Morning Memo: A very McHenry Christmas in Gastonia

Posted by Mary Cornatzer on November 27, 2013 

The Christmas party invitations are arriving and it looks like this year’s hot ticket will be U.S. Rep. Patrick McHenry’s annual “McHenry for Congress Christmas” gala in Gastonia. Doesn’t “Gala in Gastonia” just make you all tingly like Christmas morning? If that’s not enough, McHenry’s very special guest will be Louisiana Gov. Bobby Jindal. (For entertainment, Dome suggests spinning some Aaron Neville Christmas songs.) McHenry’s “guests” will pay $2,600 for a VIP reception, photo op and seat at the table with either their Republican host or Jindal, who is seen as a potential GOP presidential candidate in 2016. Option 2: VIP reception, photo op and a reserved seat for dinner for $1,000. A $500 ticket gets you in the reception and a place at the table; for $100 you get to eat. The date is Dec. 17, be sure to take your Christmas sweaters out of the mothballs in plenty of time to air out.)

*** Good morning and welcome to Dome Morning Memo on this rainy Wednesday. Before we talk turkey, a programming note: Morning Memo and Dome will be taking a break on Thanksgiving Day to give thanks for the bountiful harvest of political news in North Carolina this year. ***

WHERE’S THE GOVERNOR?: No public schedule has been released for Gov. Pat McCrory for Wednesday. This is our third day without a McCrory sighting in Raleigh.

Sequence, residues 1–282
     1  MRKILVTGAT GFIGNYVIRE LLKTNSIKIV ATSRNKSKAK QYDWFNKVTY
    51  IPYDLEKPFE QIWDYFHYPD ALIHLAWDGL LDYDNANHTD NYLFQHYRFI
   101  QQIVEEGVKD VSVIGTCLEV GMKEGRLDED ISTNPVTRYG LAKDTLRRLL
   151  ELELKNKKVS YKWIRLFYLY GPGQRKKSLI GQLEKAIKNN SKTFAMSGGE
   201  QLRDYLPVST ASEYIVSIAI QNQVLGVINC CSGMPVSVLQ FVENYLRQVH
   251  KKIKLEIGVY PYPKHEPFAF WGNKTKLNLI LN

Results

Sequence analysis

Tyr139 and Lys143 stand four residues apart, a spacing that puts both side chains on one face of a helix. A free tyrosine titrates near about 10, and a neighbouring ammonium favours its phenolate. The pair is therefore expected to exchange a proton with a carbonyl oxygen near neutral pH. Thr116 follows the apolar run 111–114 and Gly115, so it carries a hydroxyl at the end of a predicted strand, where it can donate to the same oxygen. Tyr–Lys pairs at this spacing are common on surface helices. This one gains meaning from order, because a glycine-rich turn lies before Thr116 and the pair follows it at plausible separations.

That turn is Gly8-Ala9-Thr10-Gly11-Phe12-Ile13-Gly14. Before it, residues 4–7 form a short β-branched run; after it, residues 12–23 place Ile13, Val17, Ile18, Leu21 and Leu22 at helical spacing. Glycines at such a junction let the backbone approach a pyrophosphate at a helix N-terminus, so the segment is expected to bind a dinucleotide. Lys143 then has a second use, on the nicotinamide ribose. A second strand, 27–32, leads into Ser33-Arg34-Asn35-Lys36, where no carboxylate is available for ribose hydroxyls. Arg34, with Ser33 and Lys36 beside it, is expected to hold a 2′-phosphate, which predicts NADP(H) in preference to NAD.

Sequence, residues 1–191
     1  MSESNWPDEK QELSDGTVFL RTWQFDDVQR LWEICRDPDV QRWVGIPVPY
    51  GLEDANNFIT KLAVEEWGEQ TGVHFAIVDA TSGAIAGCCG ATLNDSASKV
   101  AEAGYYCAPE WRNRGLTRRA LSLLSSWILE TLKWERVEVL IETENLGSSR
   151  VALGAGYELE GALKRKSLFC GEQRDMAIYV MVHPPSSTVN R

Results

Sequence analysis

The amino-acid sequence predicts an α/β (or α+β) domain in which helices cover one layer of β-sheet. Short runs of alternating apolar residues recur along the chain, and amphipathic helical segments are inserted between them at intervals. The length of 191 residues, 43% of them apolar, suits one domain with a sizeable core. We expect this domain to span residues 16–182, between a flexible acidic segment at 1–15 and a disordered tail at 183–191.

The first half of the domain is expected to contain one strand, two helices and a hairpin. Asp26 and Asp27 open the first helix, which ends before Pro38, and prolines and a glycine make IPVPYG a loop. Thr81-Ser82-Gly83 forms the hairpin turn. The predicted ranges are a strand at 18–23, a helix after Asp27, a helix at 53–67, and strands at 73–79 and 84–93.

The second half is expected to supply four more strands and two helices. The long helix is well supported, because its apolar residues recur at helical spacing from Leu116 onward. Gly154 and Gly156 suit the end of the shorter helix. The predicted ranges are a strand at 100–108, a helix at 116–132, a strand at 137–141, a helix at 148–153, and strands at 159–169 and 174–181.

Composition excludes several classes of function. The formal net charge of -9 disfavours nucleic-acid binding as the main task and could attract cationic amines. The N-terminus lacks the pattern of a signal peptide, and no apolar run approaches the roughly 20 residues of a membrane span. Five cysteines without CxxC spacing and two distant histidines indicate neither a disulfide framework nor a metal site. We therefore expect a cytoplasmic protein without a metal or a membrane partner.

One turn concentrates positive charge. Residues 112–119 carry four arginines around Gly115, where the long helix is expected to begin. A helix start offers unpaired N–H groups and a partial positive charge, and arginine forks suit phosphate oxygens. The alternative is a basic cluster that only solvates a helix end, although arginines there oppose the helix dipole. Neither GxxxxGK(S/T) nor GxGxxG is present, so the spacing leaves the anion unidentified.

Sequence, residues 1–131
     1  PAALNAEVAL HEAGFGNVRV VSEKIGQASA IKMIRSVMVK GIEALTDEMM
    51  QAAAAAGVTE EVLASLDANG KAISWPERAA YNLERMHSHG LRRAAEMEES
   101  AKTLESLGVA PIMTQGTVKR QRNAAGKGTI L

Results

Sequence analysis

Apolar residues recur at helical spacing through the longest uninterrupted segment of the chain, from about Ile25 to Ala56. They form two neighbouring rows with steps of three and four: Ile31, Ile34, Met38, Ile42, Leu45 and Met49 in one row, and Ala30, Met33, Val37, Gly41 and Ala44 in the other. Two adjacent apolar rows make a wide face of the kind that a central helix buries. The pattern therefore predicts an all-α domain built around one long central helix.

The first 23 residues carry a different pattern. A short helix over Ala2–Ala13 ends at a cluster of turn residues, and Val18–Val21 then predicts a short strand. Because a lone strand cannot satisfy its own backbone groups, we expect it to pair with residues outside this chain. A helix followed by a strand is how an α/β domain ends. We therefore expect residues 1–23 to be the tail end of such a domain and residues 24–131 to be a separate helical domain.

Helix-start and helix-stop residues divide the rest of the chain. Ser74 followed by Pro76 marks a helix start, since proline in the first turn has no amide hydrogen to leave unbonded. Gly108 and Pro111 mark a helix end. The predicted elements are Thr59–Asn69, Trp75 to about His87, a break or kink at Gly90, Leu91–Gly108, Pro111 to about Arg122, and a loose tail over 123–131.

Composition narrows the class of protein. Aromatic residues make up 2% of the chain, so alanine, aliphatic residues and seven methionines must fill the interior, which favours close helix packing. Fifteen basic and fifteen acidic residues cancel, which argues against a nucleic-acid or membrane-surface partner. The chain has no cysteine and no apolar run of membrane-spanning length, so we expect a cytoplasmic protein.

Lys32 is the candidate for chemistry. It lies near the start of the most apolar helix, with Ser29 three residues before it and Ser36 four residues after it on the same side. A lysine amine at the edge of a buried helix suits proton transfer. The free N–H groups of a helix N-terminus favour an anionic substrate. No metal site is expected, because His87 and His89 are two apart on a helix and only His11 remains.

PERSONNEL FILE: While we haven’t seen the governor, he has apparently been busy. Tuesday his office announced McCrory’s appointments to the North Carolina Clean Water Management Trust Fund Board of Trustees, the North Carolina Mining and Energy Commission, the North Carolina Water Treatment Facility Operators Certification Board and the North Carolina State Water Infrastructure Commission.

TESTING THE WATERS: Before we look at those appointed, let’s review the story so far. McCrory recently appointed Bryan Gossage to head the Clean Water Management Trust Fund. Gossage’s qualifications for the $78,000 job, according to DENR: He served on the Apex Town Council from 2003-2011, serving his final term as mayor pro tem, and “provided oversight of town water management and conservation efforts” during a prolonged drought in 2007.

The N&O story noted that Apex’s municipal water system is managed by neighboring Cary as part of a joint agreement.

DRINK UP: So, who are McCrory’s latest appointments to protect our waters? They are:

• Frederick Beaujeu-Dufour of Sampson County. Beaujeu-Dufour manages more than 7,500 acres of timber and wildlife. He is currently developing a wildlife habitat and implementing the farm’s forestry program. He has an MBA from the UNC-Chapel Hill School of Business.

• Troy Kickler of Wake County). Kickler is the founding director of the North Carolina History Project and editor of NorthCarolinahistory.org, a project funded by the John Locke Foundation. He has an M.S. in social studies education from North Carolina A&T State University and a Ph.D. in history from the University of Tennessee.

Greer Cawood of Forsyth County. Cawood retired as director of public policy for Wachovia in 2007. She was the NC State appointee to the Natural Heritage Trust Fund and currently serves as lower school vice-president for the FCDS Parents’ Association. She has been a trustee of the North Carolina chapter of The Nature Conservancy.

MORE APPOINTMENTS: For the Mining and Energy Board, McCrory chose: